Male authors wrote 70 percent of all scientific papers published in the last four years.
Men dominate nearly all disciplines except those in "care" sciences. Photo: Indiana University
Darker shades of blue show countries where the gender gap is largest. Photo: Indiana University
Men account for roughly 70 percent of all authors of peer-reviewed scientific research, according to a new study by researchers at the University of Montreal and Indiana University.
Given the well-documented systematic inequalities of gender in science, that disparity probably doesn’t come as much of a surprise, but it’s still a staggering, global problem that persists through most disciplines and most countries worldwide. According to the study, published in Nature, men are also more likely to collaborate with international peers than women are, and papers by male authors are more often cited, a measure of a study’s impact.
The study looked at more than 5.4 million peer-reviewed articles published between 2008 and 2012. From those papers, they were able to determine the genders of 17.6 million authors.
“There have been studies for years showing a bias against women,” Vincent Lariviere, lead author of the study, said. “But we see that it’s essentially happening in each and every country and in each and every discipline.”
The disparity is most notable in studies out of the Middle East and Western Africa, but persists in the United States, where women write less than half as many papers as men. The only countries where women wrote more papers than men between 2008 and 2012 were Macedonia, Sri Lanka, Latvia, Ukraine, Bosnia and Herzegovina, and Turkmenistan. Lariviere says countries in South America and Scandinavia fare better than much of the world, but a small gap still exists. The only disciplines in which women publish more often than men are in “care” industries such as nursing, education, and social work.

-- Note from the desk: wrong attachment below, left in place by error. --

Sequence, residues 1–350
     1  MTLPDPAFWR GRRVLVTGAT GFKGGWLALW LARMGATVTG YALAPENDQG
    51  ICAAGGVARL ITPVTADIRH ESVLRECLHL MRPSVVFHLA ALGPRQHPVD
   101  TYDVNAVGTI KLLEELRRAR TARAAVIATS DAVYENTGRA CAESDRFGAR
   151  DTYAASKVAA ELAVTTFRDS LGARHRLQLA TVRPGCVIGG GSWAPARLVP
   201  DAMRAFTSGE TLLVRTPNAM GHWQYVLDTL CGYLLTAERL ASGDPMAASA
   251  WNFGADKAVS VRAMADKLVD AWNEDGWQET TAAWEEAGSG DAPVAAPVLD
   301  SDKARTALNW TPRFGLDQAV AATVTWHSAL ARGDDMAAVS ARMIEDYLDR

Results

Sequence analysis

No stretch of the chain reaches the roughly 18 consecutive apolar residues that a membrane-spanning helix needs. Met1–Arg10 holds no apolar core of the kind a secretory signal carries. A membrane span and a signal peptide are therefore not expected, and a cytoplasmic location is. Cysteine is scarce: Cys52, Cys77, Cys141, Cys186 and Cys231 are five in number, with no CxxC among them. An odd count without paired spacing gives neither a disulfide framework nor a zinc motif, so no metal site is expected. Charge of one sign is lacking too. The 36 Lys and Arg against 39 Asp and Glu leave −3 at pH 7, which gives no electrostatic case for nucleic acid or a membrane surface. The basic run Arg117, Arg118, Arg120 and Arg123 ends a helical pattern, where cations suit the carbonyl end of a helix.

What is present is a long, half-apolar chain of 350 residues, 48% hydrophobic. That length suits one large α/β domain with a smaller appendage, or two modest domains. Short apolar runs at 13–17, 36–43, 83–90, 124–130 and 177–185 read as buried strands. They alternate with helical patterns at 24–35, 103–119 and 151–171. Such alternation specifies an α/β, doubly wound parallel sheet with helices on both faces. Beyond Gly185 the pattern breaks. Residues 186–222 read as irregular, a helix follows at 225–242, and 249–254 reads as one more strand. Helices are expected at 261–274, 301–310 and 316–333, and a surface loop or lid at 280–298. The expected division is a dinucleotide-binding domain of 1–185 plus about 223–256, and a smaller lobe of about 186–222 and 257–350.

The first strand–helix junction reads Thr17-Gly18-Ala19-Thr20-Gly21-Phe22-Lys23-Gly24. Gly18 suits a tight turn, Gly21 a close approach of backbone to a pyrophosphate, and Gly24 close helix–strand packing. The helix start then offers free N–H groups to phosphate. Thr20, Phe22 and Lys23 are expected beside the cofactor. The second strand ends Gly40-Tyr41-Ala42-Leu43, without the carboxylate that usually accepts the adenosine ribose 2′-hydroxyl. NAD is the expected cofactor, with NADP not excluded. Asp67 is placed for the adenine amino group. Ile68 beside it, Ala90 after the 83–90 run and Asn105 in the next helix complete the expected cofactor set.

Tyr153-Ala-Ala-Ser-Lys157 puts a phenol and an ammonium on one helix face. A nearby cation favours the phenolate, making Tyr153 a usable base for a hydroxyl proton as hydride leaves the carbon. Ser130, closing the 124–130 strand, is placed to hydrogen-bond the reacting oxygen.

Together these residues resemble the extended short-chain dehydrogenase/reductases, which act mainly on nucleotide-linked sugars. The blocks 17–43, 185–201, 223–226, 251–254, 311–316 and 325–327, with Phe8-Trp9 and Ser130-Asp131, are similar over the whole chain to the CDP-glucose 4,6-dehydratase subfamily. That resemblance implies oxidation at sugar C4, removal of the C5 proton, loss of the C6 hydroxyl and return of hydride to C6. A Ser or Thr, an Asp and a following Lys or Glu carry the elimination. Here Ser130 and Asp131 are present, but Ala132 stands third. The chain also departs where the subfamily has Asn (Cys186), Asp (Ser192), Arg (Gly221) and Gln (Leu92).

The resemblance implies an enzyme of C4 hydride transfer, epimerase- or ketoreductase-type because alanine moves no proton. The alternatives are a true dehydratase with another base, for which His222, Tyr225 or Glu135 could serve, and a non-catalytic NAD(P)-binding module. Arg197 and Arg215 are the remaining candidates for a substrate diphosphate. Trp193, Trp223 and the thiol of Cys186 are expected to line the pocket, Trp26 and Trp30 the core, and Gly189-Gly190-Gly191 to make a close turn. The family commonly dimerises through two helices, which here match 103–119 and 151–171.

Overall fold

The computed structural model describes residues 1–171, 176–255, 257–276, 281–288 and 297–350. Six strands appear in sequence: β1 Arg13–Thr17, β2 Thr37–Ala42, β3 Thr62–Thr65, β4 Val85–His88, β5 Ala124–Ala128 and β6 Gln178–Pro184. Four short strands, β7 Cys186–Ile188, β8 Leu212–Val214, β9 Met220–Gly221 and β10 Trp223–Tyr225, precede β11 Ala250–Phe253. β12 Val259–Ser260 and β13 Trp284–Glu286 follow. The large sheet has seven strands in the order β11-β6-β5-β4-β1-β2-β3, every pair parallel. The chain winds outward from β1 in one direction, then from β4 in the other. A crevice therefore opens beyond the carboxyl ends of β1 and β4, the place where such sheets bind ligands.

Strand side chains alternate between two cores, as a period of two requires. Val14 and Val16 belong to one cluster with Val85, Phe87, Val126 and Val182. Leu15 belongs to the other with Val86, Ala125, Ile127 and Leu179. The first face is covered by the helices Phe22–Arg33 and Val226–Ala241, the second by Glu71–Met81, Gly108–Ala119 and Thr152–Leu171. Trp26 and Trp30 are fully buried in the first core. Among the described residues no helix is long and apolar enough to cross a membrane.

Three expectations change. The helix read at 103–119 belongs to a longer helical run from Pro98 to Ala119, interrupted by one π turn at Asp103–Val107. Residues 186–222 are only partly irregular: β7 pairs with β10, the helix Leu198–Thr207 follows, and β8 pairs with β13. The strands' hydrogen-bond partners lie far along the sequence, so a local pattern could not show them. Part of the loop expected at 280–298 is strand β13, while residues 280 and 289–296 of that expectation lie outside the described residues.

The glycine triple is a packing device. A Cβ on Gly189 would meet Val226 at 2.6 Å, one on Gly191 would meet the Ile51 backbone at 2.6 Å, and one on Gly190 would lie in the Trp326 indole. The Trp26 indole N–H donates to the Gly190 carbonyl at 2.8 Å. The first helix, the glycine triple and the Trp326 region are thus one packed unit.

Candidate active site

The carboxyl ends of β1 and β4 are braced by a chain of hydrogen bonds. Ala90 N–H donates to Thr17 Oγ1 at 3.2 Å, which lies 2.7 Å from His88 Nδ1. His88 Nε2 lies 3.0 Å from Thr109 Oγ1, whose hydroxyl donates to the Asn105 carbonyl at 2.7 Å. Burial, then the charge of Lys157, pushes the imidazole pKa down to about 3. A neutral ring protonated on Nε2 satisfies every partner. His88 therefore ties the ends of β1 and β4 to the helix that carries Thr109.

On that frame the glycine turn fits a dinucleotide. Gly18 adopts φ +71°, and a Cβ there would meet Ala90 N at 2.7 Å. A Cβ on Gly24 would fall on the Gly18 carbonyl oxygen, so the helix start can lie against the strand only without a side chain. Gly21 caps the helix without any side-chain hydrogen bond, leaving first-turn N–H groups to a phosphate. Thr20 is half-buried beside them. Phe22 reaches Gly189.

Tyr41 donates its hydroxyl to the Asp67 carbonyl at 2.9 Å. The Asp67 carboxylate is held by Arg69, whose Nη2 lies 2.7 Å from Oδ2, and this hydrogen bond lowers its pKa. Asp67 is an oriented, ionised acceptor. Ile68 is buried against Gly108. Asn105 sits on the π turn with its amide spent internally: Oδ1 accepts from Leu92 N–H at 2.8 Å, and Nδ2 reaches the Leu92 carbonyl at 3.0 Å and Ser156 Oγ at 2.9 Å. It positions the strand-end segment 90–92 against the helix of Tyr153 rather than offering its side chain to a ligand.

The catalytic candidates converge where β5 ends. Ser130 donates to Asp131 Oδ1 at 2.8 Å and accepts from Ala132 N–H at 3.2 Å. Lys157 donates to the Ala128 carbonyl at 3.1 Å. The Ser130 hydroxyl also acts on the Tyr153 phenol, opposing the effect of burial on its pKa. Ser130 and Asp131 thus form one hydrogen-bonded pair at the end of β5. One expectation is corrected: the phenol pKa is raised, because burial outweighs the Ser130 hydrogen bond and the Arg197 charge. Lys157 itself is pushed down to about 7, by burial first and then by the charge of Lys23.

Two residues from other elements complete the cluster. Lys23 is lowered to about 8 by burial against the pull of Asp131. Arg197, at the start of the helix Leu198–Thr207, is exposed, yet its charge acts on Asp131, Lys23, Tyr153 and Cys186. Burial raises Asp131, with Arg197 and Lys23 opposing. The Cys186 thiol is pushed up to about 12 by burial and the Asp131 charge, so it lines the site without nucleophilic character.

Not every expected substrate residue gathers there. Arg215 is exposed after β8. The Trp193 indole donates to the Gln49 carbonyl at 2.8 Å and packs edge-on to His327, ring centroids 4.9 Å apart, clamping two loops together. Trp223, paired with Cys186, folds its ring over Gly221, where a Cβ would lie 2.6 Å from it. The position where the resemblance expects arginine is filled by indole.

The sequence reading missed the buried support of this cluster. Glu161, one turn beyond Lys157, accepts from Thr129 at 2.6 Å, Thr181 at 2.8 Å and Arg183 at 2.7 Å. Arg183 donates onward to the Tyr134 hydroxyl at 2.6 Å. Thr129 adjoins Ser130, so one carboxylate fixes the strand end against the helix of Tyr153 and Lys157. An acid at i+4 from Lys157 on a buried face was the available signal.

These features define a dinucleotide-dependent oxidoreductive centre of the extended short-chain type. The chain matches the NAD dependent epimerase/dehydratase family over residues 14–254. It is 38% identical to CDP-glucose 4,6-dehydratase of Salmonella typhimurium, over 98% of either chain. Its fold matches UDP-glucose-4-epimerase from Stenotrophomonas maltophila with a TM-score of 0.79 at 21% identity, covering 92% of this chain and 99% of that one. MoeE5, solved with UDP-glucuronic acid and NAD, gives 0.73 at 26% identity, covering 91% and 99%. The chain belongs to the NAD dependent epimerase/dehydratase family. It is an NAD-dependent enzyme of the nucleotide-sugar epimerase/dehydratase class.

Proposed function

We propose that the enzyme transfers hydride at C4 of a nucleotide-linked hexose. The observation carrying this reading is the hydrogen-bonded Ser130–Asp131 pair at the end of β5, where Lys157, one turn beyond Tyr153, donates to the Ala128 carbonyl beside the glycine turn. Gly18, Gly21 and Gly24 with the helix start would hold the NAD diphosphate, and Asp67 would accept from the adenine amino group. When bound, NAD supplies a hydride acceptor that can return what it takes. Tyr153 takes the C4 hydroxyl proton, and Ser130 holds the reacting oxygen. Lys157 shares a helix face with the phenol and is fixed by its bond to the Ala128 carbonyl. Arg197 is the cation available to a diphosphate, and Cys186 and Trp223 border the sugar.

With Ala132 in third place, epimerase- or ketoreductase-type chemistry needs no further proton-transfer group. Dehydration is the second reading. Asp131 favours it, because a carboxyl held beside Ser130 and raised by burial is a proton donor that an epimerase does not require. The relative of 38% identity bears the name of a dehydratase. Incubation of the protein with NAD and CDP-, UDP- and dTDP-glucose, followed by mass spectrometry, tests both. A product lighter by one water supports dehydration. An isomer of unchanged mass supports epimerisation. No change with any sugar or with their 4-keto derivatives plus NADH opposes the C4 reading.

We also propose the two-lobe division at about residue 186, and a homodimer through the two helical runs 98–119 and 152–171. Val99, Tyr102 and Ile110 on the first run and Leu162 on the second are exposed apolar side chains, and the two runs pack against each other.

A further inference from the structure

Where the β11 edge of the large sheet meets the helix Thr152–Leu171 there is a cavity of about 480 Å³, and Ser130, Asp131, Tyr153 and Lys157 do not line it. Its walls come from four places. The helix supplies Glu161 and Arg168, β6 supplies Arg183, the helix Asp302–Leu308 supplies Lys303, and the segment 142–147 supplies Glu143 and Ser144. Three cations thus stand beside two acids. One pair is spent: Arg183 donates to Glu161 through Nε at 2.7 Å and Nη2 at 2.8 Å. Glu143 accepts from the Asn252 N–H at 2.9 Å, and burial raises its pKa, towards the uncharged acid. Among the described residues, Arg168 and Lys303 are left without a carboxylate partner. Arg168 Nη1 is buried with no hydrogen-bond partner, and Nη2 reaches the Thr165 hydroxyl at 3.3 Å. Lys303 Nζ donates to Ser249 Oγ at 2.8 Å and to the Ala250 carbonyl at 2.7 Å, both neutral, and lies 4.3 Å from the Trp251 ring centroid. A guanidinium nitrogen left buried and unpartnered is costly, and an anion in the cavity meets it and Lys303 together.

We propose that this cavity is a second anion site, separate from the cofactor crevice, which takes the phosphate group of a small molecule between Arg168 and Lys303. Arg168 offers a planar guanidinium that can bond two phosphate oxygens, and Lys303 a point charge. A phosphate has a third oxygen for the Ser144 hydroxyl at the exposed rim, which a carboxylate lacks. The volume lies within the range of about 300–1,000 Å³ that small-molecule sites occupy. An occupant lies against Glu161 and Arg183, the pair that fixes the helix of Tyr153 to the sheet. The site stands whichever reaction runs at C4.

“I think it’s a problem with academia, but it goes beyond that. If you look at the CEOs of companies and other high-end economic positions, political positions, you’ll see that they’re men. We’re not trying to provide a definite explanation to why this is happening, but it’s quite obvious,” he said. “But if you look at countries that do better, like Brazil and Argentina, they have or have had female presidents. It relates to the place of women in these societies in general.”
Lariviere says former Soviet Union states fared better because, communism has “always put women on par with the men.” That logic hasn’t followed to Russia itself, which has one of the worst female-to-male paper-writing ratios in the world.
With such a huge pool of data points, it’s easy to see this is a systematic problem. But it’s hard, Lariviere says, to pinpoint whether there is an inherent gender bias in the process of peer review, or if it’s a problem with the journals themselves, academia, funding processes, or education systems. It’s likely a little bit of all of those things, he says. Even the papers women do publish are generally seen as less “impactful” and have less international reach, another problem altogether.
“In each and every country, they are less cited than men. Women publish less and when they publish they don’t have the same impact,” he said. “Their papers are also much more ‘local,’ which has an impact on how a paper is seen. You need a good network of international collaborators now to be taken seriously. With local support only, it’s tougher for your papers to get published.”